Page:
We were very anxious to know what was become of our poor boys, therefore as soon as the people began to lose their first impressions of fear that we saw at first disturbd them a good deal we askd after them. The man who first came on board immediately answerd that they were at home and unhurt and that the reason of his coming on board the ship with so little fear was the account they had given him of the usage they had met with among us. The people were in general of a midling size tho there was one who measurd more than 6 feet, their colour dark brown. Their lips were staind with something put under the skin (as in the Otahite tattow) and their faces markd with deeply engravd furrows Colourd also black and formd in regular spirals; of these the oldest people had much the greatest quantity and deepest channeld, in some not less than 1/16 part of an inch. Their hair always black was tied on the tops of their heads in a little knot, in which was stuck feathers of various birds in different tastes according to the humour of the wearer, generaly stuck into the knot, sometimes one on each side the temples pointing forwards which made a most disagreable apearance; in their Ears they generaly wore a large bunch of the down of some bird milk white. The faces of some were painted with a red colour in oil some all over, others in parts only, in their hair was much oil that had very little smell, more lice than ever I saw before! and in most of them a small comb neatly enough made, sometimes of wood sometimes of bone, which they seemd to prize much. Some few had on their faces or arms regular scars as if made with a sharp instrument: such I have seen on the faces of negroes. The inferior sort were clothd in something that very much resembled hemp; the loose strings of this were fastned together at the top and hung down about 2 feet long like a petticoat; of these garments they wore 2, one round their shoulders the other about their wastes. The richer had garments probably of a finer sort of the same stuff, most beatifully made in exactly the same manner as the S. American Indians at this day, as fine or finer than one of them which I have by me that I bough[t] at Rio de Janeiro for 36 shillings and was esteemd uncommonly cheap at that price.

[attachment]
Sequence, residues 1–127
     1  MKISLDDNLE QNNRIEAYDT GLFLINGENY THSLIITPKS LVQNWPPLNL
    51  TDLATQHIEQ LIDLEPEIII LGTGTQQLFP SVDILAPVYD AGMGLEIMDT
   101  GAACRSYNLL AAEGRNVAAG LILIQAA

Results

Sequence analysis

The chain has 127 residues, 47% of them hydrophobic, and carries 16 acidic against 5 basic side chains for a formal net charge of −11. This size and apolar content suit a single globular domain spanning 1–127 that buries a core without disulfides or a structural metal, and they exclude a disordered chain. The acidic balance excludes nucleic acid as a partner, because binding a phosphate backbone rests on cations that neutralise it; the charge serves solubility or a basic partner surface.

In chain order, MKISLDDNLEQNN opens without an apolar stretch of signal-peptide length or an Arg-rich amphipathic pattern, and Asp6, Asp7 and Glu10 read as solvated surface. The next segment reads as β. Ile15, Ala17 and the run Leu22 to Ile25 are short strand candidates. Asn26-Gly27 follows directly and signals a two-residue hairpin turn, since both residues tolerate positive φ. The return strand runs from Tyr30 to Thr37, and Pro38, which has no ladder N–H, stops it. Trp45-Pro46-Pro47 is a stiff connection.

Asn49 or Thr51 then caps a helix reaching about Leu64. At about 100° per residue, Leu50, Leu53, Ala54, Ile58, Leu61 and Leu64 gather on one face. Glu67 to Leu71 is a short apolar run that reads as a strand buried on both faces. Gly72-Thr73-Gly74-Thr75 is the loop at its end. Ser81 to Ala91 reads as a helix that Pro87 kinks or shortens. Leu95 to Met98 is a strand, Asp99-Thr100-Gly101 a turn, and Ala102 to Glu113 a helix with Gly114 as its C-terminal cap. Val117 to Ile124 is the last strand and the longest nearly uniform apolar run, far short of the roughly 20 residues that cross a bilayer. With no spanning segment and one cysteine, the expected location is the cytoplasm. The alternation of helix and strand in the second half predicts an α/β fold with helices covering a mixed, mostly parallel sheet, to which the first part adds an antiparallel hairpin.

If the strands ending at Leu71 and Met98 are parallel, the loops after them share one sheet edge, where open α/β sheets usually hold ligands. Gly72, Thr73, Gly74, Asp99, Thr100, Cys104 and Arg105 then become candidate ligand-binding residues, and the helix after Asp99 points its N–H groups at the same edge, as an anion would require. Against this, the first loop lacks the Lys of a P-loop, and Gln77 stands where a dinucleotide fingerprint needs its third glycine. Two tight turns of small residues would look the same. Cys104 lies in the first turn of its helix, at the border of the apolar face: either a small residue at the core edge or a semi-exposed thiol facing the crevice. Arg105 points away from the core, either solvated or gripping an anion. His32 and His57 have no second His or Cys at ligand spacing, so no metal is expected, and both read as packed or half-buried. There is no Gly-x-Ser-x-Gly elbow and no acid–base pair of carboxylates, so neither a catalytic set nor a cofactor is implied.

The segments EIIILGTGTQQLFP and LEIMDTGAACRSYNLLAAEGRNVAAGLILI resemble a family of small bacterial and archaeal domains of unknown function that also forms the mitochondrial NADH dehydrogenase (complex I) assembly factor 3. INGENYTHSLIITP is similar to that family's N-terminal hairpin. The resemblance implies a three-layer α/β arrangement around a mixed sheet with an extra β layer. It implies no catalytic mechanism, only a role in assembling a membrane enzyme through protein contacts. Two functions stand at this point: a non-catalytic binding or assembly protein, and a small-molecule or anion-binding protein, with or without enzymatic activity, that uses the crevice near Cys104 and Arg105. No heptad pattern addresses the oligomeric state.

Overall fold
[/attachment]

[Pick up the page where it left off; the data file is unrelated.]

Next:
Their boats were not large but well made, something in the form of our whale boats but longer; their bottom was the trunk of a tree hollowd and very thin, this was raisd by a board on each side sewd on, with a strip of wood sewd over the seam to make it tight; on the head of every one was carvd the head of a man with an enormous tongue reaching out of his mouth. These grotesque figures were some at least very well executed, some had eyes inlaid of something that shone very much; the whole servd to give us an Idea of their taste as well as ingenuity in execution, much superior to any thing we have yet seen. Their behaviour while on board shewd every sign of freindship, they invited us very cordialy to come back to our old bay or to a small cove which they shewd us nearer to it. I could not help wishing that we had done so, but the captn chose rather to stand on in search of a better harbour than any we have yet seen. God send that we may not there have the same tragedy to act over again as we so lately perpetrated: the countrey is certainly divided into many small principalities so we cannot hope that an account of our weapons and management of them can be conveyd as far as we in all probability must go and this I am well convincd of, that till these warlike people have severly felt our superiority in the art of war they will never behave to us in a freindly manner. About an hour before sunset the canoes left us, and with us three of their people who were very desirous to have gone with them but were not permitted to return to the Canoes. What their reason for so doing is we can only guess, possibly they may think that their being on board will induce us to remain here till tomorrow when they will return and renew the traffick by which they find themselves so great gainers. The people were tolerably chearfull, entertaind us with dancing and singing after their custom, eat their suppers and went to bed very quietly.